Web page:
Teaching assistants’ impact questioned

Written by: HTU | Published:

There should be a “fundamental rethink" in the way teaching assistants are used in schools including ending the practice of asking them to concentrate on lower performing students or those with SEN.

There should be a “fundamental rethink" in the way teaching assistants are used in schools including ending the practice of asking them to concentrate on lower performing students or those with SEN.



The claim comes from professors at the Institute of Education (IoE) in London who have hit out at the way teaching assistants spend their time in the classroom in a new book.



The three professors – Peter Blatchford, Anthony Russell and Rob Webster – have released the findings of a five-year study which measured the impact teaching assistants had on 8,200 students.



It found that students receiving the most support from teaching assistants consistently made less progress than those who receive less support, partly because such pupils become separated from the teacher and the curriculum. They are now recommending that teaching assistants should not routinely support lower attaining students or those with SEN.



Prof Blatchford, who is a professor in psychology and education, told Headteacher Update that teaching assistants working with lower attaining students do not provide “additional" help – instead they are seen as simply replacing the role of the teacher.



He explained: “We surely need to do more in schools than just contain certain pupils. The question to ask is what would the appropriate pedagogical input be for the pupil, and the balance of the teacher and the teaching assistant input. The teacher needs to have overall responsibility for all the pupils in the class, and this includes those with SEN.



“The convenient separation of pupils with SEN from teachers is not sustainable. We are calling for a fundamental rethink of the way teaching assistants are used because it lets down the most needy and disadvantaged pupils.



“We use the idea of value added to make the point that the teaching assistant should add value to the teacher's input not replace her, which is unfortunately the system that often operates at the moment."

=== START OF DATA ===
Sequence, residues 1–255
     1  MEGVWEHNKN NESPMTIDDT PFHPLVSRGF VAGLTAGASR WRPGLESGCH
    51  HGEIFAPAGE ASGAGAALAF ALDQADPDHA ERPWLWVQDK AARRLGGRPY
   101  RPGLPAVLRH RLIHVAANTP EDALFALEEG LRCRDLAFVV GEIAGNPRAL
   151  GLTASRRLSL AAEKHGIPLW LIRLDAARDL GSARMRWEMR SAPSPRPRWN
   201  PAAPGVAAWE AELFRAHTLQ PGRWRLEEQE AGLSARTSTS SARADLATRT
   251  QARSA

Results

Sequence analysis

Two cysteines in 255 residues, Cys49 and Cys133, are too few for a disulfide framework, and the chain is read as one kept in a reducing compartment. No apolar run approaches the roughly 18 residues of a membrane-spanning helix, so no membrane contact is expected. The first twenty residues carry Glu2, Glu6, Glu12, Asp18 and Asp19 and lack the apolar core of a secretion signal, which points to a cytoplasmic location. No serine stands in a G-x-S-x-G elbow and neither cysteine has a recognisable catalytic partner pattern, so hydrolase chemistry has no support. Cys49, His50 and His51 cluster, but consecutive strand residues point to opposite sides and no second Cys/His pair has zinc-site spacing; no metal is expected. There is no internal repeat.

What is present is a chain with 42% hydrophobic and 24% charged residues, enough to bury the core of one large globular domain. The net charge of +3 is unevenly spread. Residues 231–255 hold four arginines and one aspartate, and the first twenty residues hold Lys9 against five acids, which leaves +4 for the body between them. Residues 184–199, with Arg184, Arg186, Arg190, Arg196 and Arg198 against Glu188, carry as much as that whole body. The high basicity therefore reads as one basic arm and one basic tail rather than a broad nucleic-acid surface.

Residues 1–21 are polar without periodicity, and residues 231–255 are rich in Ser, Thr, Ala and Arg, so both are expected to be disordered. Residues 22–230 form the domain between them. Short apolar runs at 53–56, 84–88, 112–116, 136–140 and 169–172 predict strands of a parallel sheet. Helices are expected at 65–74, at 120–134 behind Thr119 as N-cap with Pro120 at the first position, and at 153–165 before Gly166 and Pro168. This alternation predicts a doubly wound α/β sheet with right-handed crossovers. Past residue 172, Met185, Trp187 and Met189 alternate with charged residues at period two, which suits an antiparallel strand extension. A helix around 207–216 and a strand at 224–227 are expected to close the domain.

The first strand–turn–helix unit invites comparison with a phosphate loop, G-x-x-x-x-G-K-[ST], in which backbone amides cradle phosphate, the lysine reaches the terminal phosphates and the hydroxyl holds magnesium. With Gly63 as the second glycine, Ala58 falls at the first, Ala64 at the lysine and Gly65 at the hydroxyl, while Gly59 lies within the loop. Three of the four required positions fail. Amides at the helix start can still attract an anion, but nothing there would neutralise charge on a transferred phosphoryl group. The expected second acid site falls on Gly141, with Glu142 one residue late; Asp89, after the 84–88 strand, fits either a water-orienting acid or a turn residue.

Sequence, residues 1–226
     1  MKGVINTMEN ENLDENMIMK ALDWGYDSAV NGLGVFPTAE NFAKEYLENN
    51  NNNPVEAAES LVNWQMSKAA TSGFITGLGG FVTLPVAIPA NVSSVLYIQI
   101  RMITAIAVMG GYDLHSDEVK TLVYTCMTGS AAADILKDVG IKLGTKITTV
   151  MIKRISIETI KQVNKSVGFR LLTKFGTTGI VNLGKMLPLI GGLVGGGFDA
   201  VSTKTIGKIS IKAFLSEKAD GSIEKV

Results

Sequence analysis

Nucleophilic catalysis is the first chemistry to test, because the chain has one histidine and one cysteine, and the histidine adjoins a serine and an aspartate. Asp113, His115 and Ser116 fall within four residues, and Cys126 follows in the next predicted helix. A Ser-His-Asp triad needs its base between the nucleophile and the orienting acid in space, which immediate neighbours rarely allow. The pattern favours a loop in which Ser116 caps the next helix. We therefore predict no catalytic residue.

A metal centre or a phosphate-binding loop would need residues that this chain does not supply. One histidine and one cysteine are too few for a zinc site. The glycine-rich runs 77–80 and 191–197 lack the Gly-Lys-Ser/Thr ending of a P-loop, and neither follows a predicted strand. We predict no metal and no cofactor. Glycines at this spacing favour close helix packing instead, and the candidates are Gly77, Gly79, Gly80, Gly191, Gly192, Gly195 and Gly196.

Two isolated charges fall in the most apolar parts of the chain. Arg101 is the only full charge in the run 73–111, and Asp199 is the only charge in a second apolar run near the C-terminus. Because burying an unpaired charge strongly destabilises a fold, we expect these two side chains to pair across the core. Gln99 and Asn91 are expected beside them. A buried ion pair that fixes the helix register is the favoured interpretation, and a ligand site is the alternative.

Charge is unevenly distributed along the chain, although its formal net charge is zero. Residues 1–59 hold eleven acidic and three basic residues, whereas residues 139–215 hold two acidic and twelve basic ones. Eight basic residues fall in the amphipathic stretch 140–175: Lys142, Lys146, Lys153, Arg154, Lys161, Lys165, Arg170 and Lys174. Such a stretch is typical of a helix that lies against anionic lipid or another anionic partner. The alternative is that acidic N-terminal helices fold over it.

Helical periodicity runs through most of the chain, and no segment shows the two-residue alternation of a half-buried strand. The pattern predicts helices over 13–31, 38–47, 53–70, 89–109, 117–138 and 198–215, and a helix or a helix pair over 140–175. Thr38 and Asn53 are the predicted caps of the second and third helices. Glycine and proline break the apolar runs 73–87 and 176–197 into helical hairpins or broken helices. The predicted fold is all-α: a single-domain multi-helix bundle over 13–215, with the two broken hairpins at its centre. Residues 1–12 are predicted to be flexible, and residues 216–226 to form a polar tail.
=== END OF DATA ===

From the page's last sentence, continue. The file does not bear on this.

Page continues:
The book, Reassessing the Impact of Teaching Assistants: How research changes practice and policy, also recommended that schools should have a formal induction process for teaching assistants and more joint planning and feedback time for teachers and teaching assistants.



However, the authors emphasised the solution is not to “do away" with teaching assistants and instead that they should hold more of a “roving role" in schools that will enable teachers to concentrate on the students who need it most.



Christine Lewis, national officer at UNISON, which represents teaching assistants, said: “It is difficult to accept the bald statement that teaching assistants should not routinely support lower attaining pupils and those with SEN. It really does depend on the child and circumstances.


This material is protected by MA Education Limited copyright.
See Terms and Conditions.

Comments
Name
 
Email
 
Comments
 

Please view our Terms and Conditions before leaving a comment.

Change the CAPTCHA codeSpeak the CAPTCHA code
 
Sign up Headteacher update Bulletin
About Us

Headteacher Update is the only magazine delivered directly to every primary school headteacher in the UK. It is published six times a year, at the beginning of each term and half-term, to keep headteachers up-to-date with everything going on in primary education.

Learn more about Headteacher update

Newsletter

Register to receive regular updates on primary education news delivered free to your inbox.